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USF Grad Still Recovering From Afghanistan University Terror Attack

Rahmat Gul/AP
Afghan security forces rush to respond to an attack on the campus of American University of Kabul on August 24, 2016.

In 2003, Raj Chandarlapaty graduated with his PhD in English from the University of South Florida.

While the teaching career that followed took him all over Florida and Texas, he maintained a close relationship with his mentor at USF, Phillip Sipiora. That included writing a number of articles for The Mailer Review, an annual collection of works about author Norman Mailer that Sipiora edits.

Chandarlapaty also wrote two books, including one about beat generation writers Paul Bowles, William S. Burroughs and Jack Kerouac.

Four years ago, Chandarlapaty and his wife, an assistant professor of business, both took jobs at the American University of Afghanistan (AUAF) in Kabul. It was a job he loved – until Aug. 24, 2016, when suspected Taliban terrorists attacked the school.

At least 16 people were killed, including eight students, two professors and six policemen and university security guards. Three terrorists were killed by Afghan Special Forces.

Credit Glenn Nickerson / WUSF TV
Raj Chandarlapaty, who received his PhD from USF in 2003, hid for 10 hours in a classroom with 30 students to survive a terror attack at the American University of Afghanistan in August 2016.

The semester had just begun. Chandarlapaty was about 10 minutes into the second class of what he called "a normal teaching day" when he heard an explosion outside the building. He and about 30 students escaped the second floor classroom and hid in a nearby room.

"There was total chaos, we did not know if we could escape," he said. "Many of the boys especially jumped off the building and they broke their legs and they laid there until the early morning when the medics picked them up." 

"There was a very real, lingering sense that we would not come out alive," Chandarlapaty said. "We sat in that room for about 10 hours and there was a gunfight every 20, 30 minutes - grenades, machine guns. I did hear them take out students from one of the room and kill them right there and there were other students who tried to escape and they killed them, too."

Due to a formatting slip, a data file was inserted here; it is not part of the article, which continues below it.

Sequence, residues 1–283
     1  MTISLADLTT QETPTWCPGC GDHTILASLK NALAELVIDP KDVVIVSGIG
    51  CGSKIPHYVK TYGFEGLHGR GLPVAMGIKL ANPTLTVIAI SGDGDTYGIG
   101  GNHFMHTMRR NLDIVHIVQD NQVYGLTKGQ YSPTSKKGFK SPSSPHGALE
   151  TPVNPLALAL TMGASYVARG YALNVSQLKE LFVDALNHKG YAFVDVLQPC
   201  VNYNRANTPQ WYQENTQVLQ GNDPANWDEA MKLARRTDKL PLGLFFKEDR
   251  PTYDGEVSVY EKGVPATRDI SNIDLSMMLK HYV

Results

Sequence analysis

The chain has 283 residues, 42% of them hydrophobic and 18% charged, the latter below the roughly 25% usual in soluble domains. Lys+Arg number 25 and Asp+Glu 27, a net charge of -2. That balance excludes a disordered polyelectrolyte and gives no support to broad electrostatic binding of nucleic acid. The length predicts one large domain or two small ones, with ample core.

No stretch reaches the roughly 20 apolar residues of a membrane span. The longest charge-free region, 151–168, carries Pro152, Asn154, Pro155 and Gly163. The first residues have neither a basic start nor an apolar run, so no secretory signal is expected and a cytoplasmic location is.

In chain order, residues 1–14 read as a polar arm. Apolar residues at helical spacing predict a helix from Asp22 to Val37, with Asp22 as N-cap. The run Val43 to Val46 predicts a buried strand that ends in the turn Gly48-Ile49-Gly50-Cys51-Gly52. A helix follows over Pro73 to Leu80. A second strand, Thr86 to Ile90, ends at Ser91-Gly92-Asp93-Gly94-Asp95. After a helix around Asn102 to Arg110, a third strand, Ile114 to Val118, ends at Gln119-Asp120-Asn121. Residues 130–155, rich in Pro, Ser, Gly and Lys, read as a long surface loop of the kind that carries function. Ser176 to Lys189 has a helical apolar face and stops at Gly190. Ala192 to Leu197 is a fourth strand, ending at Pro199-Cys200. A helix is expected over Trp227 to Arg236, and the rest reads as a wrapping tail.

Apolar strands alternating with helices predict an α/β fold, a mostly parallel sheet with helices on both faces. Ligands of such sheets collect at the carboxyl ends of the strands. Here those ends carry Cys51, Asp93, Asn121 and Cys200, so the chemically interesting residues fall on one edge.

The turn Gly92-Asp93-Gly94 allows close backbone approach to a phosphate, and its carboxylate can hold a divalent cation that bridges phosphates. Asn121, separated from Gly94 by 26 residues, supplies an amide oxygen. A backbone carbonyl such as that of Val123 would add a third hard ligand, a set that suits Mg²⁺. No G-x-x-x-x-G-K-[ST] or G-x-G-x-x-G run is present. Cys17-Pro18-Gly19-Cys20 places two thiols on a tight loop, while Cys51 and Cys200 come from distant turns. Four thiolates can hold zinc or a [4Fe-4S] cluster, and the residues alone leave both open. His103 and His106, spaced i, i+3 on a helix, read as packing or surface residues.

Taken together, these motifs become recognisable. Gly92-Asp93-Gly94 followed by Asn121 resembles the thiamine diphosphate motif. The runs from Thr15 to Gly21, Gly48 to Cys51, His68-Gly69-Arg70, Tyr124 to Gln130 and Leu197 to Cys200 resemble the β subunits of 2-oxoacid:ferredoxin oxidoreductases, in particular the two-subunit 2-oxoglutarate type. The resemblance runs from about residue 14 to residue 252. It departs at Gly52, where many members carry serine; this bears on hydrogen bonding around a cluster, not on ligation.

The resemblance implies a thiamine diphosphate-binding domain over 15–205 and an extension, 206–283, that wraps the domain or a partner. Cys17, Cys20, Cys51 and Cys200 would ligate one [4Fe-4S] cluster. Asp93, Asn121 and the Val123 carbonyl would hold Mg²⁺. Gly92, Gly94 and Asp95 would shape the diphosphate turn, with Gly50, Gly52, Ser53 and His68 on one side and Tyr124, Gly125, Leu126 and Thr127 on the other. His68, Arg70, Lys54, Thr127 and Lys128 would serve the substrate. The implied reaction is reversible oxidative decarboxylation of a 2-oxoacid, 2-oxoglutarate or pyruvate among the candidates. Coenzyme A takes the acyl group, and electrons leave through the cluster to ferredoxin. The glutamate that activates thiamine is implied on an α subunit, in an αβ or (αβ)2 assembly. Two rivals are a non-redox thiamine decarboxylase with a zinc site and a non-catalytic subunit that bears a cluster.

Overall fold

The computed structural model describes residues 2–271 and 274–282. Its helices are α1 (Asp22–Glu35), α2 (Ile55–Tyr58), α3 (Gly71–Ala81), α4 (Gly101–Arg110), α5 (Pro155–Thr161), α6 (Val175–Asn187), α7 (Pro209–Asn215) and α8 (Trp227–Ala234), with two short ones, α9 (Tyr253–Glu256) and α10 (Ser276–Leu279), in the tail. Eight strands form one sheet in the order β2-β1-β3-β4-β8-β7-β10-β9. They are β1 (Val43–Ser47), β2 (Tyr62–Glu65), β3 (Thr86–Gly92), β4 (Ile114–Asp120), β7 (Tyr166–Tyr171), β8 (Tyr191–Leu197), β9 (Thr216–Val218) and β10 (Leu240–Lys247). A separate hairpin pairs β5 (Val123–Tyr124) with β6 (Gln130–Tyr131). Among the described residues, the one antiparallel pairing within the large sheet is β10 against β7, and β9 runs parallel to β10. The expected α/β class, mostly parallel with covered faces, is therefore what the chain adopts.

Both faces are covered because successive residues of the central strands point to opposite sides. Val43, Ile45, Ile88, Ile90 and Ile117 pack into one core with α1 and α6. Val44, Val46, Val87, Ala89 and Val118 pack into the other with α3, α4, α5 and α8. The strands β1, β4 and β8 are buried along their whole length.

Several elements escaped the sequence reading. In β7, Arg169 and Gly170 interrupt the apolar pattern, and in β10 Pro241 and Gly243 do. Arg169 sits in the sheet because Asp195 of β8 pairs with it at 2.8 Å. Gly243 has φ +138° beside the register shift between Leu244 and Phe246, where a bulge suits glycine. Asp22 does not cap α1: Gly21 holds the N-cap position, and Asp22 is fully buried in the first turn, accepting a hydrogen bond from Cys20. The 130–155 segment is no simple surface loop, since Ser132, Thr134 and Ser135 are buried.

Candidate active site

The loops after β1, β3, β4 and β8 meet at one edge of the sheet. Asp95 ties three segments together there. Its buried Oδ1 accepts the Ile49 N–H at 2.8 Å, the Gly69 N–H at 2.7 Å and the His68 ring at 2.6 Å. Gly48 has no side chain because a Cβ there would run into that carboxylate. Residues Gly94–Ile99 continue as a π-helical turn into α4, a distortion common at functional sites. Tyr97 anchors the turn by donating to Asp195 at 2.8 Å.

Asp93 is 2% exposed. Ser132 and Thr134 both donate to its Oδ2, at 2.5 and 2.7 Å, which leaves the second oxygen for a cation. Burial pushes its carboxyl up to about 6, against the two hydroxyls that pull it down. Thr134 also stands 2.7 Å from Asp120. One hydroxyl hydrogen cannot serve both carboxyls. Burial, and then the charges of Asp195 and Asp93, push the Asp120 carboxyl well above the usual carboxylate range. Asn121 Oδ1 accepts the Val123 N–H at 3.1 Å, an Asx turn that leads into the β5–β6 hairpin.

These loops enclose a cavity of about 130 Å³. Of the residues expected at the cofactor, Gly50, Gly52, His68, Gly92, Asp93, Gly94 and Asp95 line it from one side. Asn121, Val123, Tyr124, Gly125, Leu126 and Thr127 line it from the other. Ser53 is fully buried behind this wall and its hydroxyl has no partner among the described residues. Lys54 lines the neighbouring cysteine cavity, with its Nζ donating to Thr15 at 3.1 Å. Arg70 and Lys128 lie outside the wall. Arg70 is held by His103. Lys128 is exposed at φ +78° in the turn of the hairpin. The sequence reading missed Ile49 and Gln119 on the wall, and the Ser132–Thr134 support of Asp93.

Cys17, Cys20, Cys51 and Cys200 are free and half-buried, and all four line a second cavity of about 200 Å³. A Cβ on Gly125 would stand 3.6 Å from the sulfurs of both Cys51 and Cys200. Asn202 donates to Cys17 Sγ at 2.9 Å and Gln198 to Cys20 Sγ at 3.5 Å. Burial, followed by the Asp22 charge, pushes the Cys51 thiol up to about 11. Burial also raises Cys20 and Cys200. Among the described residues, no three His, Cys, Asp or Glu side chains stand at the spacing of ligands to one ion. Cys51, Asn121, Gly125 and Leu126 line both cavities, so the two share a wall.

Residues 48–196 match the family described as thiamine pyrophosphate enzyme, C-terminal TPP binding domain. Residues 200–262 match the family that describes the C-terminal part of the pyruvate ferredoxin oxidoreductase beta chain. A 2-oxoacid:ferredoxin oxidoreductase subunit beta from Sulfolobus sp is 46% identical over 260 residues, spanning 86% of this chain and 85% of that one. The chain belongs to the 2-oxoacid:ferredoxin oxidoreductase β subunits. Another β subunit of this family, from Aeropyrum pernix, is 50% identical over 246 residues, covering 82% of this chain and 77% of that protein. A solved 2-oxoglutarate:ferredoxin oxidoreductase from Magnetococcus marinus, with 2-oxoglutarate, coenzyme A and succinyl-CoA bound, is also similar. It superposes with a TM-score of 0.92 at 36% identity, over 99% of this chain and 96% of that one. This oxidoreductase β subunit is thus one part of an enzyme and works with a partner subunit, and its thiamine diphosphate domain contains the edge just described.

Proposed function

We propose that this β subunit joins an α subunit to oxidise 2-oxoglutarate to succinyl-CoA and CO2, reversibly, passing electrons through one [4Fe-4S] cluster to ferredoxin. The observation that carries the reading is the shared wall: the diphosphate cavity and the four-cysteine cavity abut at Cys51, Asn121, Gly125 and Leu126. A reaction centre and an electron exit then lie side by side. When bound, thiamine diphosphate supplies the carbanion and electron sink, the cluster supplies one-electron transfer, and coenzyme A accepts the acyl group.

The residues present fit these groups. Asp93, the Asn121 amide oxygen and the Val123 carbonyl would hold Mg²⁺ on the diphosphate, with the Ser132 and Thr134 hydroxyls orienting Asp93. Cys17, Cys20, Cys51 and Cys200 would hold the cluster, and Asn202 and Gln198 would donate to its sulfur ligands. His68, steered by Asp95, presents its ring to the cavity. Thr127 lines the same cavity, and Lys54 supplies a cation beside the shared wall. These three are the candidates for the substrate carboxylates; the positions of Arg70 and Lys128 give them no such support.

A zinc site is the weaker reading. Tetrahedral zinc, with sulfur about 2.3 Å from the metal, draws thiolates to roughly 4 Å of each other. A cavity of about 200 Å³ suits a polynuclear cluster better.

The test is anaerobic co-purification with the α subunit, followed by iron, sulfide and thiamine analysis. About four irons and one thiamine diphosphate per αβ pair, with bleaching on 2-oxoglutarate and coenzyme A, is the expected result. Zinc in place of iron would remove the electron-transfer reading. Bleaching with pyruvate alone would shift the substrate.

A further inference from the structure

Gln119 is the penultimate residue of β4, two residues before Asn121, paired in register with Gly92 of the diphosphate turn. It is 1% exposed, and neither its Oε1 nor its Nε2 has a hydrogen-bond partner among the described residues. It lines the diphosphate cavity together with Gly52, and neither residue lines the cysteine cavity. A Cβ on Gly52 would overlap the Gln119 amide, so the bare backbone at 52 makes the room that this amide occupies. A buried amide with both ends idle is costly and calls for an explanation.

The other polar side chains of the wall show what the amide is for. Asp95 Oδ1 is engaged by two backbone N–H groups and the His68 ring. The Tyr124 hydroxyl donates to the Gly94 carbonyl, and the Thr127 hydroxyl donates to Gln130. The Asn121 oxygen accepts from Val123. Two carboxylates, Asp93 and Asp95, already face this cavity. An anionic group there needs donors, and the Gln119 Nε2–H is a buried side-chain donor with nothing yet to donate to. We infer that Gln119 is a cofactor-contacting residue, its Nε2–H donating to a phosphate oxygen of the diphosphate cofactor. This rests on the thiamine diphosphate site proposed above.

While some of those trapped inside sent out pleas for help via Twitter, Chandarlapaty thought his cellphone's battery was dead. 

"I went home and my wife picked (the phone) up, turned it on, 'Your cell phone is still working,' (she said)," Chandarlapaty said. "I admit that I skipped that responsibility because I thought that I couldn't talk to her. But if you use the cell phone, anybody can intercept that call, it's like saying, 'Hey, we're here.' I did not want to do that." 

That concern for his wife, who escaped the campus shortly after the attack started, stuck with Chandarlapaty throughout the ordeal.

"I'm not a person with a good understanding of death, and I asked myself at the age of 46, 'Are you ready to die?' and I said, 'Well, you don't have a choice. Have you lived your life as you wished you would have lived it?' and I said, 'Yes. Have you accomplished the things you needed to? Yes.' But I was very torn apart because I couldn't tell my wife my thoughts at that moment," he said. 

After Afghan Special Forces raided the building and killed the attackers, Chandarlapaty and the students finally exited the room they had been trapped in. 

"There was blood everywhere, there was broken glass everywhere," Chandarlapaty said. "When I saw (my wife), I was very relieved that at least there'll be another day and at least we'll be able to try to make it in this world again."

"For approximately 24 hours, I didn't know if (Chandarlapaty) was alive or dead," said USF Professor Phillip Sipiora, who said he talked to Chandarlapaty in Afghanistan a few times a week via email and phone calls. "The longer it took for me to hear from him, I thought he might be dead."

"But he did contact me the next day, he both called me and emailed me telling me that he and his wife were safe and he basically gave a short synopsis of what happened," Sipiora added. "I was very much relieved at that because I knew that people had been killed and fortunately, he wasn't one of them."

During the four years Chandarlapaty worked at AUAF, there had been signs that such danger was possible. 

In 2014, two University employees were killed in a Taliban attack at a Kabul restaurant, and a pair of University professors, one American, one Australian, were kidnapped in Kabul about two and a half weeks before the August attack. The fate of those two remain unknown.

However, even with the warnings, Chandarlapaty still had harsh words for American University officials.

"I believe that the security was caught sleeping, they were just not prepared to field a full-scale terrorist attack with 700 students at the mercy of the forces," he said. "That shows a high degree of irresponsibility on the part of (the University) administration." 

Chandarlapaty and his wife have since returned to the U.S. and are currently living with his parents in Miami. He'd like to make plans for the future, but at the moment, the events of those twelve hours in August still haunt him.

"I am going to teach the online classes for the AUAF this term, but otherwise, I'm depressed. That's, in a nutshell, how I describe myself - I'm depressed. I have the temptation to quit teaching and work on writing for the rest of my life," Chandarlapaty said. 

You can hear more from Chandarlapaty on University Beat on WUSF TV, at 6 p.m. Sunday, Nov. 6.

Mark Schreiner is the assistant news director and intern coordinator for WUSF News.
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